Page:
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CHRISTO DASKALTSIS

„The perceptible world is a distortion“, claims philosopher Platon in his allegory of the cave.
In his artwork, Greek-rooted artist Christo Daskaltsis from Berlin wants us to realize that what we „see“ with our visual senses is not the truth: he wants to draw attention to the fact that, fooled by our eyes and our brain’s association processes, we oftentimes judge too quickly by appearances.
 
If we watch Daskaltsis‘ paintings, we first see a completely flat surface showing abstraction.
But instead of remaining on this abstract surface, we dive into the image deeper and deeper and, by the influence of our memory and experience, we start seeing images; images that usually remind us of the beauty of nature in micro or marco scale: we may see a close-up of a crushed ice plate, the bubbly foam of the sea waves, the structure of snowy mountain peaks or the desert‘s dunes viewed from outer space.
 
Then we are suddenly carried back to the painting‘s surface again and realize that what we have just „seen“ is neither what is there nor what is meant to be there: the painting‘s perceived depth and its resulting „image“ is no more and no less than a casual chemical reaction between oil paint, turpentine and alkyd on a canvas or a thin alluminium plate. It is not a photo on Alu Dibond, but a 100% abstract painting.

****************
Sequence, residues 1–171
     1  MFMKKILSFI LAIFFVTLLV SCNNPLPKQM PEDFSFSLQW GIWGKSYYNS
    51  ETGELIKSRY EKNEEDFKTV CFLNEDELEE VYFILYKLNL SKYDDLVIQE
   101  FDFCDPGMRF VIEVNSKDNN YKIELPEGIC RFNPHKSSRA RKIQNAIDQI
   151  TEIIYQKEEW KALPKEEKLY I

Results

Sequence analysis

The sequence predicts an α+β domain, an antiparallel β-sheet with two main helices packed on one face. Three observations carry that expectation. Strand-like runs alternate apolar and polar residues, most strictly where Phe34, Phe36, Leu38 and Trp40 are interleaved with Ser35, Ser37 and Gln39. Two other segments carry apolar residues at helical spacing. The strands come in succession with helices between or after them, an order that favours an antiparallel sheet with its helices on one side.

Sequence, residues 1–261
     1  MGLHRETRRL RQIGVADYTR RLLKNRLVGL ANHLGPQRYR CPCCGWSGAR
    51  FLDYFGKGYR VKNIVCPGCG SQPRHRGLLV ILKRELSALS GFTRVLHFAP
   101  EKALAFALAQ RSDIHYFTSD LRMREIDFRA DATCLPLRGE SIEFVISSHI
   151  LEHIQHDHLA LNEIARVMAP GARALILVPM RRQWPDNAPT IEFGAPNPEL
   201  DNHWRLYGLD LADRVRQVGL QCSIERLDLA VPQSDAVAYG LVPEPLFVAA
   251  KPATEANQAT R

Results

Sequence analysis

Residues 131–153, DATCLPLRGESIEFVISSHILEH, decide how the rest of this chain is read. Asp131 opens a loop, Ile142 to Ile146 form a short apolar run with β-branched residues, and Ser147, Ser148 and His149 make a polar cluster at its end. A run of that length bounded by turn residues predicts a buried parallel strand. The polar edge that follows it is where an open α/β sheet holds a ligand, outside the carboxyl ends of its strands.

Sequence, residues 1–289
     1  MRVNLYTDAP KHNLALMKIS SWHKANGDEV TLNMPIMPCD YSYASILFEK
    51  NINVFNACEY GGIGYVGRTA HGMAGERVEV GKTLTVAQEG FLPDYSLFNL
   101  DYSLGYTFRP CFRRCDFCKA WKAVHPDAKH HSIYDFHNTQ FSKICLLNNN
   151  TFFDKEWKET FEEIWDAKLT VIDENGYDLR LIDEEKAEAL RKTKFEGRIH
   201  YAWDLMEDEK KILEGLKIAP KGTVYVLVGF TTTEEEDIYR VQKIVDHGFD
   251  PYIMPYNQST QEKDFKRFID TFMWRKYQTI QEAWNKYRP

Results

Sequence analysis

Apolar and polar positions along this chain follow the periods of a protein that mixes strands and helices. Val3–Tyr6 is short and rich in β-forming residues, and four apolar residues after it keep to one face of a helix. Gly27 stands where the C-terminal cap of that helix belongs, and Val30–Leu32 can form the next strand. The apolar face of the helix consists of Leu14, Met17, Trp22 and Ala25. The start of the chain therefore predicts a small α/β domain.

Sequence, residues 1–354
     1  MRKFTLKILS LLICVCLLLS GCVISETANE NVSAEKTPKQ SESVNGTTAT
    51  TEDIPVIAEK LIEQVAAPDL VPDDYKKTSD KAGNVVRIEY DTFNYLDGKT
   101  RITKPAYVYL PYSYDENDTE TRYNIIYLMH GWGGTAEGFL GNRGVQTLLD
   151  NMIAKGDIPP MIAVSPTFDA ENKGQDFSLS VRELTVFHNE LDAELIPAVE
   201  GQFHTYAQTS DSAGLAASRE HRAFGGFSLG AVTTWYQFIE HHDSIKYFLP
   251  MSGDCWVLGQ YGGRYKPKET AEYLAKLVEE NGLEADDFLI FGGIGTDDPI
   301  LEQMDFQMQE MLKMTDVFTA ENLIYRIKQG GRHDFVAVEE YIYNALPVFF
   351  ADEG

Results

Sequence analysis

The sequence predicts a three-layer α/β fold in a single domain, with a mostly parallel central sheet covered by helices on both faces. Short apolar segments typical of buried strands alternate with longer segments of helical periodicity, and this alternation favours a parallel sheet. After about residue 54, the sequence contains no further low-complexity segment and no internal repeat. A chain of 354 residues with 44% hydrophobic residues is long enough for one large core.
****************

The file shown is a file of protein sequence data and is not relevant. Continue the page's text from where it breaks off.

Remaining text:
The artist consciously steps back in this process and lets the materials create this effect with as little intevention as possible.
 
Once we realize the illusion, we also remain surprised about the complete absence of tridimensionality and the absolute flatness of the artworks.
 
Where does the abstraction stop and when does our imagination come into play to create meaning?
With his art, Christo Daskaltsis’ aim is to drain our overstimulated perception and to recharge it with new insights about ourselves. His artworks, in fact, show the relation between object and observer not only in Platonic terms of distortion and illusion, but also in terms of identity. Because by experiencing them, we are forced to put ourselves into question in terms of cognition, imagination, rationality and emotions – briefly, with all our most intimate senses.

ARTWORKS

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